Google Maps users steal restaurant reviews to send HIDDEN messages to Russians

In a move against Vladimir Putin, Google users are leaving fake reviews of Russian restaurants to share news from Ukraine.

Google Maps posts are being used to circulate stories and photos from the front lines about the Kremlin’s brutal invasion and encourage Russians to stand up to their “lying” leader.

Netizens are using Google Maps to share news from Ukraine with Russians


Netizens are using Google Maps to share news from Ukraine with RussiansCredit: SOPA/LightRocket Image via Gett
A fake Google review of a Moscow cafe


A fake Google review of a Moscow cafeCredit: Google

The idea was shared to Twitter on Monday by hacking group Anonymous as a way to bypass Russian state censorship.

The network collective wrote on Twitter: “Go to Google Maps. Go to Russia. Find a restaurant or business and write a review. “

They added: “When you write the review, explain what is happening in Ukraine.”

The tweet quickly gained traction, garnering more than 24,000 retweets and 79,000 likes.

Under the post, Anonymous shared some sample texts in Russian for people to include in their phoney reviews.

One translation reads: “The food is great! Unfortunately, Putin spoiled our appetite by invading Ukraine.

“Stand up to your dictator, stop killing innocents! Your government is deceiving you. Get up! Google” Kyiv” and putler [sic] and share it with everyone in Russia. “

In response, users on Twitter shared screenshots of their own reviews on the popular Google maps tool.

One person left on the Google page for Grand Cafe Dr Zhivago, a famous fine-dining restaurant in Moscow, wrote: “Russia is invading Ukraine for no reason; displacing and killing civilians and lying to you as public their people.”

The facility saw a flurry of reviews on Google on Tuesday, some with pictures of the devastation in Ukraine, CNET report.

Another said: “In Ukraine is war. People die every day. Putin lies and shows your propaganda. Don’t believe him.”

Russia’s large-scale military invasion has so far claimed the lives of hundreds of Ukrainian civilians as artillery and rocket attacks hit the country’s towns and cities.

While merciless attacks have caused quite a stir around the world this week, in Russia, the story told to the public is a little different.

State-controlled television and newspapers advertised Kremlin audio lines that military action was being directed away from populated areas to reduce casualties.

Moscow’s strict censorship of social media means that citizens are not exposed to content that might paint their leaders in a bad light.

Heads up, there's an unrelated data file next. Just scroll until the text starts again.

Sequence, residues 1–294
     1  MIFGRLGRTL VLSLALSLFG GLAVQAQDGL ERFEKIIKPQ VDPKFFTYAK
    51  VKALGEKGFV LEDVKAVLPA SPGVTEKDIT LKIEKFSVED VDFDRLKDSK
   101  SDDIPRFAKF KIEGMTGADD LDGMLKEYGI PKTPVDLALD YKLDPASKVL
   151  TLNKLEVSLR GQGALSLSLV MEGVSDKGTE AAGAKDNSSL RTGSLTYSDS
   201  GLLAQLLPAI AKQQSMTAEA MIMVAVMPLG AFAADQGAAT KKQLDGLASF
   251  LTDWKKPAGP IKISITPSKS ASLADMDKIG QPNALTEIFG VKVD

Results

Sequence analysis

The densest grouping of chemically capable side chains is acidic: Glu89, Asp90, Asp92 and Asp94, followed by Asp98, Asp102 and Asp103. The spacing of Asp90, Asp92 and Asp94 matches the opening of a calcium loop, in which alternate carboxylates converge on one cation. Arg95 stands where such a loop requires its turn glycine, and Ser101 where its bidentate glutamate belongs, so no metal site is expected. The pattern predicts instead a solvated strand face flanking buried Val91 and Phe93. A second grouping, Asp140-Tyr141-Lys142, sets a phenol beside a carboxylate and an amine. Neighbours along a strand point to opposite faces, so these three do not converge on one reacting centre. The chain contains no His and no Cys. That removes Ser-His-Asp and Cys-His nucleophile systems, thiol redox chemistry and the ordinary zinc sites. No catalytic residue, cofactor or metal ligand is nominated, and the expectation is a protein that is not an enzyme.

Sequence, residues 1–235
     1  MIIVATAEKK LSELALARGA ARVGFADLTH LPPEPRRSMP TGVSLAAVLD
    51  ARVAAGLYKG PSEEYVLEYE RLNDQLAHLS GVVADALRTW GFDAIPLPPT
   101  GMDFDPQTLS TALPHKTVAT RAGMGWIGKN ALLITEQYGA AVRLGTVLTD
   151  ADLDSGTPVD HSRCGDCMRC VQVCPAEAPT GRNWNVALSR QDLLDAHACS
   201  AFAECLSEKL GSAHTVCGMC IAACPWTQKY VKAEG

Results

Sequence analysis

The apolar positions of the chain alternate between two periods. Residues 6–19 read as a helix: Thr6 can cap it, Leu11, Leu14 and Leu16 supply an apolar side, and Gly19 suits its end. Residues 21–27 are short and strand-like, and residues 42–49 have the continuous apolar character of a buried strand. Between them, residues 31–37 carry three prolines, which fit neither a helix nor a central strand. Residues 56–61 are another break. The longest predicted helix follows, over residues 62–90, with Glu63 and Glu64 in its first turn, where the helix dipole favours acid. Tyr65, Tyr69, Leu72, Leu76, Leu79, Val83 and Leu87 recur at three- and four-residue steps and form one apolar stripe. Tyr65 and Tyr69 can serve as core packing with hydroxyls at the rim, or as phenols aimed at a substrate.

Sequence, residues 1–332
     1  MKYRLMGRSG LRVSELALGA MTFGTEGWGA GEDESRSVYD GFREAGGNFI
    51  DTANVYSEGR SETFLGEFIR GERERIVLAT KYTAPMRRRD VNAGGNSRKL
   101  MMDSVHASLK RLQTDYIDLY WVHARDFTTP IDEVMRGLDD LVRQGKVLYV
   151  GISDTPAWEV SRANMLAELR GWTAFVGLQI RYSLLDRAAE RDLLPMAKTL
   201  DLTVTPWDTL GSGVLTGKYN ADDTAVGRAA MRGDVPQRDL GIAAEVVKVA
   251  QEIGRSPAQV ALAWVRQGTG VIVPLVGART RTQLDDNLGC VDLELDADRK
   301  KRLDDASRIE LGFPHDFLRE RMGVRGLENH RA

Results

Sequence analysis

It left Russians – many of whom were aware of and opposed to the war, as demonstrated by mass protests across the country – with a skewed view of what was happening across the border.

Efforts are being made to reach them through Google reviews and other means to ensure they have a clearer picture.

It is part of a wave of cyber campaigns against Russia aimed at disrupting its activities at home and abroad.

Earlier today, Anonymous announced that they had shut down Russia’s space agency, Roscosmos, taking away control of their spy satellites.

Last week, the group said it had successfully shut down more than 300 Russian sites and offered the military more than $53,000 to give up their tanks.

The moves come after the internationally notorious hacking collective declared war on Putin’s war machine in response to a call for arms from the Ukrainian government.

Volunteers from the country’s underground hacker force are helping to protect critical infrastructure and carry out cyber-espionage missions against the Russian military, according to reports. Reuters.

Reviews encourage Russian readers to support Putin


Reviews encourage Russian readers to support Putin

In other news, the mystery surrounding why the prehistoric British built Stonehenge has finally been solved after research confirmed that the monument served as a ancient solar calendar.

In other news, the iPhone’s virtual assistant Siri is getting a new feature, voice “sexist”.

An English woman was tell of her horror after scammers used photos of a “silver fox” politician to defraud her of £80,000.

And, Norfolk . County Council suing Apple about what it says is misinformation about iPhone sales.

We pay for your stories! Do you have a story for The Sun Online Science & Technology team? Email us at the address Google Maps users steal restaurant reviews to send HIDDEN messages to Russians

Fry Electronics Team

Fry is an automatic aggregator of the all world’s media. In each content, the hyperlink to the primary source is specified. All trademarks belong to their rightful owners, all materials to their authors. If you are the owner of the content and do not want us to publish your materials, please contact us by email – The content will be deleted within 24 hours.

Related Articles

Back to top button